The Best Exotic Marigold Hotel
An esteemed ensemble cast of British veterans elevates this modestly charming saga of seniors who travel to India for what they are led to believe will be a luxurious retirement at a restored posh hotel, thanks to a shrewd marketing campaign by a young hotelier (Dev Patel). However, they find the opposite when they arrive, leading to a journey of self-discovery for most of them amid some rather dilapidated surroundings. Even if the bittersweet story takes a predictable path, cast members including Maggie Smith, Judi Dench, Tom Wilkinson and Bill Nighy make the most of the smaller moments. Directed by John Madden (Shakespeare in Love). (Rated PG-13, 124 minutes).
The structure of this documentary might seem familiar for those who have seen Spellbound or Mad Hot Ballroom, among others, yet there are some powerful moments contained within the stories of six young ballet dancers from varied backgrounds who train for the prestigious Youth America Grand Prix competition. The film is a tribute to ballet first and foremost, and rookie director Bess Kargman has a keen eye for the dance sequences. But there’s also a poignancy to many of the behind-the-scenes stories of determination involving parental pressure to succeed, overcoming socioeconomic obstacles, and tearing down preconceived adolescent notions. Its enjoyment is not limited to dance aficionados. (Not rated, 90 minutes).
Jesus Henry Christ
This pretentious comedy from director Dennis Lee (Fireflies in the Garden), expanded from his short film, tells the story of Henry (Jason Spevack), an extremely precocious pre-teen from a dysfunctional family that includes his harried single mother (Toni Collette). The misfit prodigy seeks acceptance in life, so he embarks on a whimsical search for his biological father. Spevack’s performance is a standout, but the film is an uneven mix of forced eccentricities and gradually annoying visual gimmicks that leave the characters almost completely detached from reality. There are some amusing moments that don’t add up to much in the end. Also stars Michael Sheen. (Rated PG-13, 92 minutes).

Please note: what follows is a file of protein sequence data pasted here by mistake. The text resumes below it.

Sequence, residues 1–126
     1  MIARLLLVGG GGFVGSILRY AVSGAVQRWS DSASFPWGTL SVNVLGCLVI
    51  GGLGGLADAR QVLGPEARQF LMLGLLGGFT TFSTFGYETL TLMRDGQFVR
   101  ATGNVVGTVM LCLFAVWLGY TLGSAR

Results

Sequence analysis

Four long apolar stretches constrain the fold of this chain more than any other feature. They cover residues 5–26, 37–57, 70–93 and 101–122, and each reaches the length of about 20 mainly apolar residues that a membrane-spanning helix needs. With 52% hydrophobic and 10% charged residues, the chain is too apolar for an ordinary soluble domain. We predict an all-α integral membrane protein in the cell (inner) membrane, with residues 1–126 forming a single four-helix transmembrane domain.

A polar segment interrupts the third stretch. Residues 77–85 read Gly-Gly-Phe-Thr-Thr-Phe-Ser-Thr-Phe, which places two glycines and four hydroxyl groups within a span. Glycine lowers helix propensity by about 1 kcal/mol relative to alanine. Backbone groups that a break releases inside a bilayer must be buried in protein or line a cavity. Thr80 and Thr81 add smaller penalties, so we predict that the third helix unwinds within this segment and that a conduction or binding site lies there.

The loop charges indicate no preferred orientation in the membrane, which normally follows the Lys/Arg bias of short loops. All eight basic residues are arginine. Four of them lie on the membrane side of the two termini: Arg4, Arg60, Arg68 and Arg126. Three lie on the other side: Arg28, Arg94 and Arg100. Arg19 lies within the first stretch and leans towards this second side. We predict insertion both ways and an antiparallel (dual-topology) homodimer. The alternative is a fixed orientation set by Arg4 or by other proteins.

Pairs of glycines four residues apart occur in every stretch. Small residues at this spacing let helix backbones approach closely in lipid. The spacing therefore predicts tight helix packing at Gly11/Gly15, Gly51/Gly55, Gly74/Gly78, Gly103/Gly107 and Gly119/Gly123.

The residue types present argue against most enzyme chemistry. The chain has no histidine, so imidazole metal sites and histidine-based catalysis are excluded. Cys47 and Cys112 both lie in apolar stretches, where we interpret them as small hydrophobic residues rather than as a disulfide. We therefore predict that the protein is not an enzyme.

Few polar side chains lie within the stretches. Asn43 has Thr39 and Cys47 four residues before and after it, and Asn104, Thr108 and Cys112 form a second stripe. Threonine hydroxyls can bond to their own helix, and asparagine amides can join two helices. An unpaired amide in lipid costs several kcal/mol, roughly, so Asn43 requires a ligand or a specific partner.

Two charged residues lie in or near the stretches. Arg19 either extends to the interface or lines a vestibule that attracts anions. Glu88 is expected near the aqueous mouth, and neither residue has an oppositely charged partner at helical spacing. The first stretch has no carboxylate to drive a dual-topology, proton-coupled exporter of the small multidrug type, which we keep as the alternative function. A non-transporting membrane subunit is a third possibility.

Last Call at the Oasis
Filmmaker Jessica Yu (Ping Pong Playa) will open the eyes, but probably not mouths, of many moviegoers with this topical documentary about the world’s dwindling water supply. The film argues that global water issues don’t only affect third-world countries, but could become a crisis in the United States in the near future, even down to the water we drink every day. Yu’s presentation, which features a handful of cameos to help lighten the mood, is persuasive even if the structure is uneven. At least the film is passionate and insightful about its topic, and not just intended as some sort of cheap scare tactic. (Rated PG-13, 105 minutes).
Samuel L. Jackson has fun chewing the scenery as a deranged killer in this otherwise formulaic thriller that provides some campy amusement before running out of gas. John (Luke Wilson) is an unlucky suburban realtor whose life spins out of control after an innocent encounter with a mysterious stranger (Jackson) who wears a fedora and whistles Dixie. John soon finds himself held hostage during a terroristic spree that later threatens his wife (Leslie Bibb) and children. Director Chris Fisher, who based his screenplay on a Thomas Berger novel, wastes a promising set-up with an overwrought climax that drains any suspense the film had generated. (Rated R, 89 minutes).